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My father, a retired New York City firefighter, has never fully recovered from a stroke he suffered about two years ago, so his speech is very hard to understand in person, let alone on the phone. So I have not asked him his opinion on the Supreme Court case involving the white New Haven firefighters (and one Hispanic) who are challenging the city's decision to throw out a promotion exam after no black firefighters scored high enough on the test to be promoted. It's one of the court's most-watched cases this term and probably the most emotionally charged. And it is easy to see why: Our American ideal of the meritocracy — it's a level playing field; just take the test and let the test decide — is bumping against the political realities of a world in which the people who say the playing field is not and never has been level finally get to have their voices heard, too.
The truth is, even if my father could make himself understood, I am not sure he would want to. My father never talked much about the job, where he was always one of a tiny minority of African-American men. He told us a few things — like how when he was a new hire or "probie," his toothbrush would constantly disappear and be replaced by a toilet bowl brush. He told us how despite his service in the military, he had a hard time sleeping in a room full of other men. And how he had left the New York City police department to become a firefighter, despite the lower pay and higher mortality rate.
He said he would rather pull people out of burning houses than either drag grown men to jail in their underwear as their children cried or ward off entreaties of shopkeepers waving $10 bills at him in hopes of some extra attention when the bad guys came around.
"There are meat eaters and there are grass eaters," he would say, "and I am a grass eater."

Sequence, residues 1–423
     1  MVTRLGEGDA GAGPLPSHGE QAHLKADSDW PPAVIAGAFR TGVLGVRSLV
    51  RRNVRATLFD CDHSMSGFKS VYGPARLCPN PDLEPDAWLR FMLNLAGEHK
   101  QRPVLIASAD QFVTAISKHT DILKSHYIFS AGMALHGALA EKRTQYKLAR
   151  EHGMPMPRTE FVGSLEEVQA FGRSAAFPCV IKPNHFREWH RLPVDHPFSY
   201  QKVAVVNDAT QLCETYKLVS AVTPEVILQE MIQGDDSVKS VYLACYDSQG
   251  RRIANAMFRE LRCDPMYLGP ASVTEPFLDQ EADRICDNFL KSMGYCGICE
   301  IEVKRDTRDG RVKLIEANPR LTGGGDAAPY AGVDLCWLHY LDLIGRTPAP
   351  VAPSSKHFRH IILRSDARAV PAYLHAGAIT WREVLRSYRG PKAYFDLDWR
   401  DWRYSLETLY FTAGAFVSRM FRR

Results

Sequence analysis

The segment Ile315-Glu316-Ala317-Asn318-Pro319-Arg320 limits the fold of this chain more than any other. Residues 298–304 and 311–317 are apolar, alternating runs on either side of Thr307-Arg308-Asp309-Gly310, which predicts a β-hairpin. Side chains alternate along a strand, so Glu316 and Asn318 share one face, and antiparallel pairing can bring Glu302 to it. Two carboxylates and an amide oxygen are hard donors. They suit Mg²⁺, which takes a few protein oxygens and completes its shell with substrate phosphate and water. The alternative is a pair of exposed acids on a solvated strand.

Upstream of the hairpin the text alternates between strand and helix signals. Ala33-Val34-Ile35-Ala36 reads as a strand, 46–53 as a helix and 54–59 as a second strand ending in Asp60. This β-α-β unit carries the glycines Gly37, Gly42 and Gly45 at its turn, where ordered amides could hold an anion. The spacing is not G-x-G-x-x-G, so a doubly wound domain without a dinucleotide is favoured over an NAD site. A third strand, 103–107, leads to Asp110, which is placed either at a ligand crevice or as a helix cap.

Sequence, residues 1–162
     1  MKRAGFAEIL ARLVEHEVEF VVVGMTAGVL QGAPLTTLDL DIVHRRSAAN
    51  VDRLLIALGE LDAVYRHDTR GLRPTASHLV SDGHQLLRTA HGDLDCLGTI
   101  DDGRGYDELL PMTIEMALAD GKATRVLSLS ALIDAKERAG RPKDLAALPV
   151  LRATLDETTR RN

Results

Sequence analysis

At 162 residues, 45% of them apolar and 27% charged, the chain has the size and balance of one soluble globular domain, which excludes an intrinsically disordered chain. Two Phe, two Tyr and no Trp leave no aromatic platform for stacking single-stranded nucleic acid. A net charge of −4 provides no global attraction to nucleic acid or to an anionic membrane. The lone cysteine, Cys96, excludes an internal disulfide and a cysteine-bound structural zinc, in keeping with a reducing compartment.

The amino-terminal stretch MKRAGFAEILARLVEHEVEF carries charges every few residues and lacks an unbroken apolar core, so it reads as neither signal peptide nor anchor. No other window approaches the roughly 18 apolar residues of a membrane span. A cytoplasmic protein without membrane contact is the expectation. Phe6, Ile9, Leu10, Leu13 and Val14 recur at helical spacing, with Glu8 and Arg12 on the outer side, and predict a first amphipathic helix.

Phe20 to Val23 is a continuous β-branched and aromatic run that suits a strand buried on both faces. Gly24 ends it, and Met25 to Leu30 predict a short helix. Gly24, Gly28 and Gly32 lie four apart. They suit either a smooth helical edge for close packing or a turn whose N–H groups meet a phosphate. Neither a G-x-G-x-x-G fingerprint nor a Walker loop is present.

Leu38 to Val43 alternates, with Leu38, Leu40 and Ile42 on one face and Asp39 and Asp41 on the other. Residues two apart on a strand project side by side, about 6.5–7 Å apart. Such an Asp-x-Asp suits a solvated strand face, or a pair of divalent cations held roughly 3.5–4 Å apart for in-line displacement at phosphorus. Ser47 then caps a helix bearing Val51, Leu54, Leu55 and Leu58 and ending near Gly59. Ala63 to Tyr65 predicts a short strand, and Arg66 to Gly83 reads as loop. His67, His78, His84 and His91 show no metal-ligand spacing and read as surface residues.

And we saw a few things for ourselves: A friend on the job, who was white, kept pushing him to move out to Long Island with a bunch of the other firefighters. We went one day to look, but my father couldn't see past the dirty looks of the white neighbors, many of whom he knew were getting up every day to do the same job he was. And he couldn't block out the little girls screaming "Eww, niggers!" and pretending to hold their noses and run away from us as we walked into the open houses. So no Long Island for us.
Long Island might be different today, but the job is not. I don't know about New Haven, but New York City's fire department is the least diverse of any major city's in America, according to the Center for Constitutional Rights, a civil rights advocacy group. In 2007, in a city where 27 percent of the people who lived there were black, fewer than 3 percent of New York's firefighters were. And only 4.5 percent were Latino, which represents a slight increase for Latinos in recent years but almost none for African-Americans. Why might that be? Because no black people want to fight fires? Because no black people want to be like my father and save people from burning buildings? I don't know for a fact, but I doubt it.
I have both of his helmets — one has dents where rioters threw bricks at his head and is the one he wore as he fell through the floor of a burning building and survived. And the other he had when he retired.
I wish I had learned more about my father's life when he had the chance to tell me himself. I do know he loved that job, and he was proud of it. And he and our mother taught us to be proud of it. We would jump up and wave whenever we saw a firetruck go by, and part of me still wants to, although I do not understand why I see so few people who look like my father on those trucks.